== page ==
The US political issue of whether or how best to confer some sort of legal status upon some individuals currently living within the United States without that legal status is getting a lot of attention. The United States’s last attempt at sweeping immigration reform was in 1986. Since then, it’s been baby steps.
The linked article provides more detail for why that might be, but the part that caught my eye is the basic formulation: “If India can execute a biometric project for over a billion people, it should be possible to apply biometrics to this, far less daunting, challenge.”
Michael Barone commentary: Stars are aligning for a law on immigration that might work (Columbus Dispatch)
So what are the reasons to think such legislation would produce different results from those of the 1986 law?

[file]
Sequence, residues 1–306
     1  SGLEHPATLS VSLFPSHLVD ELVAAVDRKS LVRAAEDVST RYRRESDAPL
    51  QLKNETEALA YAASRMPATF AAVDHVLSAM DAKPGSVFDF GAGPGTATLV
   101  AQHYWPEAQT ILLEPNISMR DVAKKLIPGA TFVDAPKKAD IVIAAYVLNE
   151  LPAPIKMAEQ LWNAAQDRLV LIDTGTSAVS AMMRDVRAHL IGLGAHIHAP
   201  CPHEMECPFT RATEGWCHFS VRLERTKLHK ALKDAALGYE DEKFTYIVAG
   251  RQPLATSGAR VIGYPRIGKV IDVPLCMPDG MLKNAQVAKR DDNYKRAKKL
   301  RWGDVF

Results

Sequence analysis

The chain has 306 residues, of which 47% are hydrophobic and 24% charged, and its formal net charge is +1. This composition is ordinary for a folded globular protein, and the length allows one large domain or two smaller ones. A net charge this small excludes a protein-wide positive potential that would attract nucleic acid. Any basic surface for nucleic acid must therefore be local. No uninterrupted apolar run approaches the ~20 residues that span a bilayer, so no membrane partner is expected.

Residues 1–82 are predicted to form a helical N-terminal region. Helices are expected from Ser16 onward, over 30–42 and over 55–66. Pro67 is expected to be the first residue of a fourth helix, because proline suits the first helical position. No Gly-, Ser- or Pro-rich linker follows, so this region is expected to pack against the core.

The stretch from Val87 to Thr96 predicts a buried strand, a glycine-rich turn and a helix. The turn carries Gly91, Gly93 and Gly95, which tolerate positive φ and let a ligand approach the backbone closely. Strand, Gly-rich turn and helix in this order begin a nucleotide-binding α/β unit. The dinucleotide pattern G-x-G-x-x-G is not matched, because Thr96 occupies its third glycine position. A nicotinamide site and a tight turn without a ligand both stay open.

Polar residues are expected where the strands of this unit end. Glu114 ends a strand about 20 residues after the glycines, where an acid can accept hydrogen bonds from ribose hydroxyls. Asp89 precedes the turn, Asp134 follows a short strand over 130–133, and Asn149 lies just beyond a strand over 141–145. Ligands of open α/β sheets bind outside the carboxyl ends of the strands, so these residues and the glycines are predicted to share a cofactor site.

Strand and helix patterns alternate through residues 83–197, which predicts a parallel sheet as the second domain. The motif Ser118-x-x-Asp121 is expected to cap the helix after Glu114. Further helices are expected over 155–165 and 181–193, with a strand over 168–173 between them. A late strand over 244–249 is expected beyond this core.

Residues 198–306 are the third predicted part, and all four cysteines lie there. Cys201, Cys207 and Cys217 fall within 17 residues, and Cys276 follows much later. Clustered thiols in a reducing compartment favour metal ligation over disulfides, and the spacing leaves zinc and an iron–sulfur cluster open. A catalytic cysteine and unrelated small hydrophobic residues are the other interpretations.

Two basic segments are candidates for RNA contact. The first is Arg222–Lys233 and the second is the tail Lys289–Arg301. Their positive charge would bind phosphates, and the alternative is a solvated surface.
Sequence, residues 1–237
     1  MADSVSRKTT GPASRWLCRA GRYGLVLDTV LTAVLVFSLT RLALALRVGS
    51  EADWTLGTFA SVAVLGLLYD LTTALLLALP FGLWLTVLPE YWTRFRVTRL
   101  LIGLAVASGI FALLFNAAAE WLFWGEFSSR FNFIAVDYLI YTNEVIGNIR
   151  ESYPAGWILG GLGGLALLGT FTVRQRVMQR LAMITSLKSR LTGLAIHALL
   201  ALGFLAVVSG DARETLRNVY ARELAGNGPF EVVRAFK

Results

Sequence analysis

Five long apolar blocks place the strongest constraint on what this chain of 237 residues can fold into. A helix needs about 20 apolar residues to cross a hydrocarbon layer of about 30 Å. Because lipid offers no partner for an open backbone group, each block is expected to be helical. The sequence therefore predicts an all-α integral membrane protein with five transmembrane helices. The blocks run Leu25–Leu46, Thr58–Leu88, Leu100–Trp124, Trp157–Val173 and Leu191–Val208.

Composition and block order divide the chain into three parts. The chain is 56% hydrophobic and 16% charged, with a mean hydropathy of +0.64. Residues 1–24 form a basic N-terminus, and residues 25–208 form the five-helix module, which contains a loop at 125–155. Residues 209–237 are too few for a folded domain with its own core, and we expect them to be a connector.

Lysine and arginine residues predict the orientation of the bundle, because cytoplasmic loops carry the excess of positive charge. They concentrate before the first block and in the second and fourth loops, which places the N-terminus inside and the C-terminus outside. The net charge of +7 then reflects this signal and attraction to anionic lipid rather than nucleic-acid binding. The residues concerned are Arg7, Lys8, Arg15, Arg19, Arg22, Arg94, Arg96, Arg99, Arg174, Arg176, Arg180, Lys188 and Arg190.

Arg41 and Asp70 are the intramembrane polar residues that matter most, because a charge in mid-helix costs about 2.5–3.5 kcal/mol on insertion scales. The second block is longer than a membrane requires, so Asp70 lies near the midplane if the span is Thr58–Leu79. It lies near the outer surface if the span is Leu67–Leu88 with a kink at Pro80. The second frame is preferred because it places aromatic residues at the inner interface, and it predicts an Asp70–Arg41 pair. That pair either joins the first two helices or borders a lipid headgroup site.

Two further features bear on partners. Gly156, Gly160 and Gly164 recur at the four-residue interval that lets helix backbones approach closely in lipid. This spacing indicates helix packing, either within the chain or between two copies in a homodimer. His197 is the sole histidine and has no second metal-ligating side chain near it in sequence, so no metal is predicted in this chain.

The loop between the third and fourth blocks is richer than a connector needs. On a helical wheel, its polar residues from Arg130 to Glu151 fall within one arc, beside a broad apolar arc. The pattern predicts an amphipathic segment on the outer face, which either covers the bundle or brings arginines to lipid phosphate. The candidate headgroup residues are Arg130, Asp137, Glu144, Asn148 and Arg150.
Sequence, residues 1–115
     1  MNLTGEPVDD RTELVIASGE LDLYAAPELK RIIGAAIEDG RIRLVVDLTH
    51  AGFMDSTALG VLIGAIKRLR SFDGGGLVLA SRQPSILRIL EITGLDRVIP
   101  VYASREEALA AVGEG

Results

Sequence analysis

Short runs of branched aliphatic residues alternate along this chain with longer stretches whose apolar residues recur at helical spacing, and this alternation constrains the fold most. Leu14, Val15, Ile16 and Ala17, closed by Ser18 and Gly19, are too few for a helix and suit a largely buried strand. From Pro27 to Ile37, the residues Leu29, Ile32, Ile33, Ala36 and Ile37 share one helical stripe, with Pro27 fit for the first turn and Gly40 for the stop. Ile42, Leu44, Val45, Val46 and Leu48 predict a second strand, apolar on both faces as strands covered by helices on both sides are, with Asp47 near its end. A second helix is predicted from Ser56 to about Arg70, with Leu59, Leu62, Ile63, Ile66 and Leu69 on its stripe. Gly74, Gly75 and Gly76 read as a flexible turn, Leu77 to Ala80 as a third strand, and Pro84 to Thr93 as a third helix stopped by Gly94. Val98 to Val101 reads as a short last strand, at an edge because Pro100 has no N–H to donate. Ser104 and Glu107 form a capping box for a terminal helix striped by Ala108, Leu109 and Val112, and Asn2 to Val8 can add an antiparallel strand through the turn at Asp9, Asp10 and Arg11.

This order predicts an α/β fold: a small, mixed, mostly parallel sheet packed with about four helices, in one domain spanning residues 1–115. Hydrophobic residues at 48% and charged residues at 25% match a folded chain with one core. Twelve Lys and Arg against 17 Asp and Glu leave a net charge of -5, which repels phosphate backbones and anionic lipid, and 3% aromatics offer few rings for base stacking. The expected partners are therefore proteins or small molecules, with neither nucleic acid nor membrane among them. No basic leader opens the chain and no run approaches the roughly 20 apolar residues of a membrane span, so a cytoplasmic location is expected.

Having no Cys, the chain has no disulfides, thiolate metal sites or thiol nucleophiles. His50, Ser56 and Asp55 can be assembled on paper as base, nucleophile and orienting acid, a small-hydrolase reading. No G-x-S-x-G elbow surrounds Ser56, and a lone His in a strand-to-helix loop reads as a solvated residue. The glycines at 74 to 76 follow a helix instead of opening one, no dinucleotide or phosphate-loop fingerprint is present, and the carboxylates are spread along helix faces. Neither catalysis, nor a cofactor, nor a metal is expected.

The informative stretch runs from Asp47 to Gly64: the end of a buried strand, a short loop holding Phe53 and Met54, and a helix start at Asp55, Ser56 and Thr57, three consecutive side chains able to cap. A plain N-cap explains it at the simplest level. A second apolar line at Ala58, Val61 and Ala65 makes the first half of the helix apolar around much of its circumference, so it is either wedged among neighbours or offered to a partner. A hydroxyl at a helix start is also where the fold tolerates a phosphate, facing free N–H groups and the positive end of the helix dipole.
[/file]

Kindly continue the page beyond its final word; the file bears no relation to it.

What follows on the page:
[…S]omething feasible now that wasn’t back then: an identity card linked to a database with biometric identification. India is now creating such a system for its 1.2 billion people. Why can’t we do that for many fewer immigrants and visa holders?
India’s UID project is giving the rest of the world confidence that long-neglected issues can be addressed through a combination of political will and new technology. I expect we’ll be seeing a lot more examples from around the world.